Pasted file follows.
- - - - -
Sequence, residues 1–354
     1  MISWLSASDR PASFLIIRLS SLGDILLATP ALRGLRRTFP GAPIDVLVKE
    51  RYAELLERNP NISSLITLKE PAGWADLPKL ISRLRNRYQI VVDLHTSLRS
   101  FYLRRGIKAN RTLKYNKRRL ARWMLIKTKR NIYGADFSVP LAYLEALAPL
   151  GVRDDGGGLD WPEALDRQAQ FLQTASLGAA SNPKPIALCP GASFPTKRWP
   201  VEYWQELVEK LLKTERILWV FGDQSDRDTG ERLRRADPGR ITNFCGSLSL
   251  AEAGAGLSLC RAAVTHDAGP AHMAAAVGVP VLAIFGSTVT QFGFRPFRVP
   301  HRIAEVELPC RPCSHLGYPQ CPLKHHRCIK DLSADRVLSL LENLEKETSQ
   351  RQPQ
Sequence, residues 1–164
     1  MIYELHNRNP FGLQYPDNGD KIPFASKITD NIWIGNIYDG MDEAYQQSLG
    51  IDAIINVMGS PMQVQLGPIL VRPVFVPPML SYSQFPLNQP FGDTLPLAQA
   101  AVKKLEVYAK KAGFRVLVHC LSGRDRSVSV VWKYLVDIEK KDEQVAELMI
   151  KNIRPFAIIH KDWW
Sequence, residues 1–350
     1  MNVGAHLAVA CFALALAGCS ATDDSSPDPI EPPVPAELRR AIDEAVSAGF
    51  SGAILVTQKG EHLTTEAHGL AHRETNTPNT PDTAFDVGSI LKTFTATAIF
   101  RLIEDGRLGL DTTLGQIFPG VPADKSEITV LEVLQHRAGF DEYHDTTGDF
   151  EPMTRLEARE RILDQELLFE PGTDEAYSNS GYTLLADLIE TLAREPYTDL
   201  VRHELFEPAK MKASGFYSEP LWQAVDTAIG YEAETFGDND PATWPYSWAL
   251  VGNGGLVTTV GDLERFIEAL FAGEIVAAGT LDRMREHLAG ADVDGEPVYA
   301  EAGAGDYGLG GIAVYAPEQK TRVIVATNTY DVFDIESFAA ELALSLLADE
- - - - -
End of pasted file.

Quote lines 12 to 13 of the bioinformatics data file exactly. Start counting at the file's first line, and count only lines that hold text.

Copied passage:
    51  IDAIINVMGS PMQVQLGPIL VRPVFVPPML SYSQFPLNQP FGDTLPLAQA
   101  AVKKLEVYAK KAGFRVLVHC LSGRDRSVSV VWKYLVDIEK KDEQVAELMI